R&D Tax Credit Opportunities in Times of COVID-19


The COVID-19 pandemic is forcing many businesses to dramatically transform their operating model and to reinvent their offering to customers. In light of these operational changes, companies should revisit their tax strategy to confirm that research and development initiatives triggered by the pandemic are analyzed for R&D tax credit eligibility.

The federal R&D tax credit (officially the Credit for Increasing Research Activities) is a dollar-for-dollar offset of an income tax liability that is generally claimed by businesses developing or improving products, processes or software. The credit often represents 7% to 10% of R&D expenditures such as wages, supplies and payments to third-party contractors. While many large enterprises are familiar with the credit and capture it annually, the COVID-19 crisis could lead more small and medium-sized companies, including service-oriented businesses, to pay closer attention to this lucrative credit.

R&D tax opportunities

The following are four examples of situations triggered by COVID-19 that could lead to research and development expenditures eligible for the R&D tax credit.

Development of e-commerce tools

Restaurants, retailers and service providers are rushing to develop or improve their e-commerce platform in hope of continuing operations without customers in stores. Functionalities need to be developed to support new delivery or pick-up options, applications need to be revamped and the performance of these systems must be improved to withstand increased volumes of transactions.

Financial institutions are developing new features to enhance online banking and medical offices are launching enhanced telemedicine applications for remote consultations. All along the supply chain, businesses are seeking to improve the performance and resiliency of their systems. These projects are likely to include activities and expenditures that qualify for the R&D tax credit.

Virtual collaboration

The move toward working from home and the drastic reduction in travel have also triggered new software R&D projects. The development of scalable and secure remote-working solutions, for instance, could lead to software-oriented R&D projects.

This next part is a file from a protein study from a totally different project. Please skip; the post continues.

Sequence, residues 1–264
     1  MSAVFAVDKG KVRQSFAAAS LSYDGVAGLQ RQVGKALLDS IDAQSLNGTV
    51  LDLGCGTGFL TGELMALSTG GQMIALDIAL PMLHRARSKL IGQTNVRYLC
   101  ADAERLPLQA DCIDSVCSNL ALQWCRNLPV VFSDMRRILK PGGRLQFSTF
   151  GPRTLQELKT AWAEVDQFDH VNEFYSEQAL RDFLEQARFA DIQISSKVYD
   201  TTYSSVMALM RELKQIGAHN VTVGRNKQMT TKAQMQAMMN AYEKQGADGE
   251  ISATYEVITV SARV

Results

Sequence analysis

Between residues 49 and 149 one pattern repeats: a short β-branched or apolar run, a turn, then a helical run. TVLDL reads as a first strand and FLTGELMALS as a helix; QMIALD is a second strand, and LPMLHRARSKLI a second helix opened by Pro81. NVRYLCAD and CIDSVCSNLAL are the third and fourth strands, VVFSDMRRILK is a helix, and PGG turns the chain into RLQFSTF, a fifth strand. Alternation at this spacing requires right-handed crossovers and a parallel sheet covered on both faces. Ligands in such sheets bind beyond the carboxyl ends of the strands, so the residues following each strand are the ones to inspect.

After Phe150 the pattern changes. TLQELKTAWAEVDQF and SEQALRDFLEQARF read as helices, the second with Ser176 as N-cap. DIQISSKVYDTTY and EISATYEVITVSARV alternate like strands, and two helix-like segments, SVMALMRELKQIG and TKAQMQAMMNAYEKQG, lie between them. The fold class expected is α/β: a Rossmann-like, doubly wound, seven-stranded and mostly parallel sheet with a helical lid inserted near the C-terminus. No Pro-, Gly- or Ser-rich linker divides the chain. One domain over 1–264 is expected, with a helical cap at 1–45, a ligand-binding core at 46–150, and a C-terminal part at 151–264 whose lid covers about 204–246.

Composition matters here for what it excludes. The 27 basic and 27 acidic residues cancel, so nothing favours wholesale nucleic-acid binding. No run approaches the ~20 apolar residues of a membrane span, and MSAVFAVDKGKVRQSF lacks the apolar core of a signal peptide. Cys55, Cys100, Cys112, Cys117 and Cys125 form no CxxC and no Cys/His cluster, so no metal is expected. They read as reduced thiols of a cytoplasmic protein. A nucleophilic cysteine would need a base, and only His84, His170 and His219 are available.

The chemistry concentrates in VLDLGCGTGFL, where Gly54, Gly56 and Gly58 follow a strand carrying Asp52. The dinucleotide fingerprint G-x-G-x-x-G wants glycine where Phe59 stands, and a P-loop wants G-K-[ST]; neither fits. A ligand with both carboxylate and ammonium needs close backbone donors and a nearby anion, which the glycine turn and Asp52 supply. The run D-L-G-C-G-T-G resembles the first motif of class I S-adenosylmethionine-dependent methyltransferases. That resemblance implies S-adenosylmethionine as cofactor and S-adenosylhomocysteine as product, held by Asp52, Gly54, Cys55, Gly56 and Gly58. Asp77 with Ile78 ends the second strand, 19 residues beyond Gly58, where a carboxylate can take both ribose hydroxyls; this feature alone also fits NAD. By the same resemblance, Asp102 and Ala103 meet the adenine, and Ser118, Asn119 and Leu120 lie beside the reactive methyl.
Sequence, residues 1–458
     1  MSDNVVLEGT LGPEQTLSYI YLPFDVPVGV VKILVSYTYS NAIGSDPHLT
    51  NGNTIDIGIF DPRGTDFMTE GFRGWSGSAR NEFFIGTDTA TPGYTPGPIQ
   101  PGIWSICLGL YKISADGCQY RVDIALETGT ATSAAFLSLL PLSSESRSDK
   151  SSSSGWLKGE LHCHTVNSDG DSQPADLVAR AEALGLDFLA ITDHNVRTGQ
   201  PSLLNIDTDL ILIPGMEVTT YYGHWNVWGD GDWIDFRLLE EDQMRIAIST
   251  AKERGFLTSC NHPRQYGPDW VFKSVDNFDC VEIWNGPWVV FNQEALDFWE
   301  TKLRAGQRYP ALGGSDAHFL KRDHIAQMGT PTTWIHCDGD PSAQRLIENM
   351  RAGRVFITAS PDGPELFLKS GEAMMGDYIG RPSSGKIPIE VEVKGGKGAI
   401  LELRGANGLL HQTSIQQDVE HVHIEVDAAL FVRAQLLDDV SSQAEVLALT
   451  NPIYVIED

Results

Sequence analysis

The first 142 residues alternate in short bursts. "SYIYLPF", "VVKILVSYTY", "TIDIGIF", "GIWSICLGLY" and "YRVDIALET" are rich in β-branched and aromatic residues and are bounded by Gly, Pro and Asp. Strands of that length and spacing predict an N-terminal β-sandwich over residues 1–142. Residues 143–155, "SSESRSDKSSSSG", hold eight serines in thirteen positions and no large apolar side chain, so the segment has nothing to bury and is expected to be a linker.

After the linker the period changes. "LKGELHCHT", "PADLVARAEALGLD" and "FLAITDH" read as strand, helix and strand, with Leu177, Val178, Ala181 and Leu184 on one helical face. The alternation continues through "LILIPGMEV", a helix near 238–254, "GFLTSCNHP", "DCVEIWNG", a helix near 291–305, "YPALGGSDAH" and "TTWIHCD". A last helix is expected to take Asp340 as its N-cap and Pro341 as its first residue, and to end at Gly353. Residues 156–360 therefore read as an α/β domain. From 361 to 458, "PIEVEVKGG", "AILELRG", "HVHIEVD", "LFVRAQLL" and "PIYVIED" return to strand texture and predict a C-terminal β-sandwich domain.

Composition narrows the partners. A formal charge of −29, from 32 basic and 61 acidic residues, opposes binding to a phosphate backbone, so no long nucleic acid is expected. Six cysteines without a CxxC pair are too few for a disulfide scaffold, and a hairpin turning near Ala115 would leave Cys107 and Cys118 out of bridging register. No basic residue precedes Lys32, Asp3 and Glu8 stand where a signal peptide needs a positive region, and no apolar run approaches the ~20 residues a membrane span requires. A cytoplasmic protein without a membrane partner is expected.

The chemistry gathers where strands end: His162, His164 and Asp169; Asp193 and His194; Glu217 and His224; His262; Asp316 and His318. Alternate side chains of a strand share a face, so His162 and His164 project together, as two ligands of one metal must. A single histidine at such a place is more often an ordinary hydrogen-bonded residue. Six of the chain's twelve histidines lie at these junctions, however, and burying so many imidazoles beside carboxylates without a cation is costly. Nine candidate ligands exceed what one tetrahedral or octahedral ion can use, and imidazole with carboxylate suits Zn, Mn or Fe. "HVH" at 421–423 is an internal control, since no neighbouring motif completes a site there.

Cybersecurity is a critical concern for most businesses and solutions to protect data with large proportions of the workforce working remotely can be particularly complex to develop and implement. The integration of legacy platforms with modern virtual collaboration tools such as Zoom and Microsoft Team might also lead to complex software development projects that could include creditable activities and expenses.

Manufacturing of PPE and household goods

Many manufacturers across the country are scrambling to transform their standard processes to manufacture personal protective equipment and sanitary equipment or to ramp up the production of high-demand household consumables. The development or improvement of manufacturing processes often require experiments and series of costly trials to reach product specifications. Issues with the supply chain have also led many manufacturers to experiment with alternative raw materials and redesign certain products.

Drug development

Pharmaceutical and biotech companies, including startups, are racing to develop new drugs and therapeutics to fight COVID-19. Drug development projects are costly and inherently risky. These projects are generally eligible for significant R&D tax credits.

Immediate benefits for startups

Certain startups with less than $5 million in annual revenue can use their R&D Tax Credit to offset payroll taxes. This is a significant opportunity for startups that are not yet taxable from an income standpoint. The utilization of the R&D tax credit against payroll taxes can generate immediate cash flow and should not be overlooked, especially during uncertain economic times when shoring up cash flow is critical to future business success.

Impact on future legislation

Lastly, COVID-19 could have an impact on future R&D tax legislation.

The idea of deglobalizing the supply chain and repatriating the development and manufacture of critical drugs and essential goods is emerging from the pandemic and would require significant investments in innovation and R&D by U.S. companies.

It’s expected that the government will pass additional stimulus and relief legislation in the near future. In Congress, the idea of repealing the Tax Cuts & Jobs Act provision requiring businesses to start capitalizing R&D costs in 2022 and amortizing these costs over a five-year period, as opposed to the current immediate expensing treatment, is gaining traction.

Other ideas raised in recent years to boost research and development in the U.S. include increasing the credit amount, enhancing the R&D payroll credit by allowing more businesses to qualify, and relaxing the restrictions on contract research organizations (CROs) performing R&D on behalf of another taxpayer. This last measure would have broad application in the pharmaceutical and biotechnology industry, given that clinical trials are often conducted in collaboration with CROs.

Lastly, the idea of an enhanced R&D tax credit for organizations developing products that will then be manufactured exclusively in the U.S. could be used to incentivize domestic manufacturing.

Businesses interested in finding out about how they may qualify for the R&D tax credit can reach out to a Kaufman Rossin tax professional to learn more.

Louis Guay is a R&D Tax and Cost Segregation Services Principal at Kaufman Rossin, one of the Top 100 CPA and advisory firms in the U.S.

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